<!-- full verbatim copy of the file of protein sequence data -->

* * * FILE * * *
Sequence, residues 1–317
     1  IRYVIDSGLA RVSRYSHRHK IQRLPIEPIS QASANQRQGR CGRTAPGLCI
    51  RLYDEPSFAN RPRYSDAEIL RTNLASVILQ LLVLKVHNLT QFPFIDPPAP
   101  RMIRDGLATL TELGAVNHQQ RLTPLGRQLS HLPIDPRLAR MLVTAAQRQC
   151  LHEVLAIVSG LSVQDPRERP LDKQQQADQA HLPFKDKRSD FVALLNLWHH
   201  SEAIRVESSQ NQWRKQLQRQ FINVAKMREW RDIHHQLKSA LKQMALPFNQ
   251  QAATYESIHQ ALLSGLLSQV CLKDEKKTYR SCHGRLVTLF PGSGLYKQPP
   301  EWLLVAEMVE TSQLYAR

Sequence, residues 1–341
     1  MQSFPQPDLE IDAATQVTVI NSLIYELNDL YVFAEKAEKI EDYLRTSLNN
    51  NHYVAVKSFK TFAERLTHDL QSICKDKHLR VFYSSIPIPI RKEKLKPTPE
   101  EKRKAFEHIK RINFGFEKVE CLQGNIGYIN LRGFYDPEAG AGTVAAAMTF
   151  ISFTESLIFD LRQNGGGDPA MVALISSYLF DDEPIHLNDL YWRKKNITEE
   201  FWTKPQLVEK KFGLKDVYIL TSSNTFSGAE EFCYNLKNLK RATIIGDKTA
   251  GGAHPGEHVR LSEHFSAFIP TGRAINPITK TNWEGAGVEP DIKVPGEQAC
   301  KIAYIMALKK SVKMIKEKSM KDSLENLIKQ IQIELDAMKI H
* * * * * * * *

Sequence, residues 1–317
     1  IRYVIDSGLA RVSRYSHRHK IQRLPIEPIS QASANQRQGR CGRTAPGLCI
    51  RLYDEPSFAN RPRYSDAEIL RTNLASVILQ LLVLKVHNLT QFPFIDPPAP
   101  RMIRDGLATL TELGAVNHQQ RLTPLGRQLS HLPIDPRLAR MLVTAAQRQC
   151  LHEVLAIVSG LSVQDPRERP LDKQQQADQA HLPFKDKRSD FVALLNLWHH
   201  SEAIRVESSQ NQWRKQLQRQ FINVAKMREW RDIHHQLKSA LKQMALPFNQ
   251  QAATYESIHQ ALLSGLLSQV CLKDEKKTYR SCHGRLVTLF PGSGLYKQPP
   301  EWLLVAEMVE TSQLYAR

Sequence, residues 1–341
     1  MQSFPQPDLE IDAATQVTVI NSLIYELNDL YVFAEKAEKI EDYLRTSLNN
    51  NHYVAVKSFK TFAERLTHDL QSICKDKHLR VFYSSIPIPI RKEKLKPTPE
   101  EKRKAFEHIK RINFGFEKVE CLQGNIGYIN LRGFYDPEAG AGTVAAAMTF
   151  ISFTESLIFD LRQNGGGDPA MVALISSYLF DDEPIHLNDL YWRKKNITEE
   201  FWTKPQLVEK KFGLKDVYIL TSSNTFSGAE EFCYNLKNLK RATIIGDKTA
   251  GGAHPGEHVR LSEHFSAFIP TGRAINPITK TNWEGAGVEP DIKVPGEQAC
   301  KIAYIMALKK SVKMIKEKSM KDSLENLIKQ IQIELDAMKI H